Preterm birth is a pervasive and persistent maternal and child health concern in developed countries. In the United States in particular, the rate of preterm birth has been rising, reaching 12.5% in 2005. This is significantly higher than other developed countries–the rate of preterm birth in European countries is only 5–7%. Preterm birth compromises the health of infants, putting him or her at high risk of early death. In 2005, infants born preterm accounted for 68.6% of all deaths of infants under one year of age.
Despite these concerning statistics, methods for prevention of preterm birth are not well understood. The most common strategies include prescribing bed rest and/or activity restriction for antepartum mothers at risk for preterm delivery. Though this strategy is widely used, however, the risks and benefits of this practice are still under research.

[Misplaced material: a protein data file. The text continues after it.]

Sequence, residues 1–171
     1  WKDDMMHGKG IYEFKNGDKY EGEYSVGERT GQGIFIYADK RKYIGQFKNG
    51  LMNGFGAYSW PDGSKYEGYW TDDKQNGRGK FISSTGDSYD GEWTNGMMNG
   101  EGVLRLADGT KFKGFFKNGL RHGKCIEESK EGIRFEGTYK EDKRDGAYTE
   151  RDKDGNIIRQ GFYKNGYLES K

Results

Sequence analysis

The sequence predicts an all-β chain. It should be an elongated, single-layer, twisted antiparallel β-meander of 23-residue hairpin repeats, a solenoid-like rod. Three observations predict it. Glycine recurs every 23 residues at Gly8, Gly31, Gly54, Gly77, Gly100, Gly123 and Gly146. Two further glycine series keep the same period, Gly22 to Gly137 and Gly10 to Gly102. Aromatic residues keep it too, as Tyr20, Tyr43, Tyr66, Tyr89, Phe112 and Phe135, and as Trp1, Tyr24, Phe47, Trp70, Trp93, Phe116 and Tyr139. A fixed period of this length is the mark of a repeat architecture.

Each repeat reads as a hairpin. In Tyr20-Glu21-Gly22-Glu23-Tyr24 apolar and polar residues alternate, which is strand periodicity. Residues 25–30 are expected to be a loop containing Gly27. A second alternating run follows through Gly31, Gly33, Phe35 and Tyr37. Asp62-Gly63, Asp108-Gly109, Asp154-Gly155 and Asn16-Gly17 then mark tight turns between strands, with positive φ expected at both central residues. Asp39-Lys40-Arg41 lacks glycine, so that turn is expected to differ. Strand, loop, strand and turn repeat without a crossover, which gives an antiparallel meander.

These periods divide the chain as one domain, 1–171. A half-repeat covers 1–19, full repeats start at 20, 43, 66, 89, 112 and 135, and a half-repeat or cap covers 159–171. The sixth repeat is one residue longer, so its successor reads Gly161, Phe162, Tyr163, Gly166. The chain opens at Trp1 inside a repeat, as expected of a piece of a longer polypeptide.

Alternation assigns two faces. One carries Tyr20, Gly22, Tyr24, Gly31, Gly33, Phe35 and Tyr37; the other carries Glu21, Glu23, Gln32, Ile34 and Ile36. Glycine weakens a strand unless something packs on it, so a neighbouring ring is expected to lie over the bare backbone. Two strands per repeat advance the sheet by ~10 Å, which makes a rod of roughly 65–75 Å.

Dr. Judith Maloni, professor in the Frances Payne Bolton School of Nursing at CWRU, has been working with women on bed rest for over twenty years. She has recently published a critical review of the existing researcher examining the risks and benefits of bed rest for the health of both pregnant women and their infants. This review suggests that there is not sufficient scientific evidence that bed rest improves child outcomes. Furthermore, the article documents significant evidence of negative outcomes of bed rest for the mother, including bone density loss, muscle atrophy and depression. These data suggest that bed rest needs to be reexamined as a strategy for preventing preterm birth. Furthermore, Dr. Maloni advocates for the use of alternative strategies to prevent preterm birth, such as home-based care, for which there is scientific evidence to support efficacy.